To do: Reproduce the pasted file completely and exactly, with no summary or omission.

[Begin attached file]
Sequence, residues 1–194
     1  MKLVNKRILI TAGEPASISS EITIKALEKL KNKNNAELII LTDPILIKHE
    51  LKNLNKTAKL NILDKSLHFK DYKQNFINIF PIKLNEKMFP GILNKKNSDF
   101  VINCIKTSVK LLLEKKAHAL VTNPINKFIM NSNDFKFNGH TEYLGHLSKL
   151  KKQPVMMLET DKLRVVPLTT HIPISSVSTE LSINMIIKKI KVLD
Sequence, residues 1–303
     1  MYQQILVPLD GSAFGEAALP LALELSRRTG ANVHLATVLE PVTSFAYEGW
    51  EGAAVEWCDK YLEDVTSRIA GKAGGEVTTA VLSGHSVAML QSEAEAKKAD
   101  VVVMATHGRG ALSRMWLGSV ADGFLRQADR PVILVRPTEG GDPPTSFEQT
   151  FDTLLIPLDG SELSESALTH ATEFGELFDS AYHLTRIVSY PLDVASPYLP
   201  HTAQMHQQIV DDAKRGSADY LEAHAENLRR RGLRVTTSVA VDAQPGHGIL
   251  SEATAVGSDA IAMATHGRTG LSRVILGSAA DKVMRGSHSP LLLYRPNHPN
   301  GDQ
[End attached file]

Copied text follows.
Sequence, residues 1–194
     1  MKLVNKRILI TAGEPASISS EITIKALEKL KNKNNAELII LTDPILIKHE
    51  LKNLNKTAKL NILDKSLHFK DYKQNFINIF PIKLNEKMFP GILNKKNSDF
   101  VINCIKTSVK LLLEKKAHAL VTNPINKFIM NSNDFKFNGH TEYLGHLSKL
   151  KKQPVMMLET DKLRVVPLTT HIPISSVSTE LSINMIIKKI KVLD
Sequence, residues 1–303
     1  MYQQILVPLD GSAFGEAALP LALELSRRTG ANVHLATVLE PVTSFAYEGW
    51  EGAAVEWCDK YLEDVTSRIA GKAGGEVTTA VLSGHSVAML QSEAEAKKAD
   101  VVVMATHGRG ALSRMWLGSV ADGFLRQADR PVILVRPTEG GDPPTSFEQT
   151  FDTLLIPLDG SELSESALTH ATEFGELFDS AYHLTRIVSY PLDVASPYLP
   201  HTAQMHQQIV DDAKRGSADY LEAHAENLRR RGLRVTTSVA VDAQPGHGIL
   251  SEATAVGSDA IAMATHGRTG LSRVILGSAA DKVMRGSHSP LLLYRPNHPN
   301  GDQ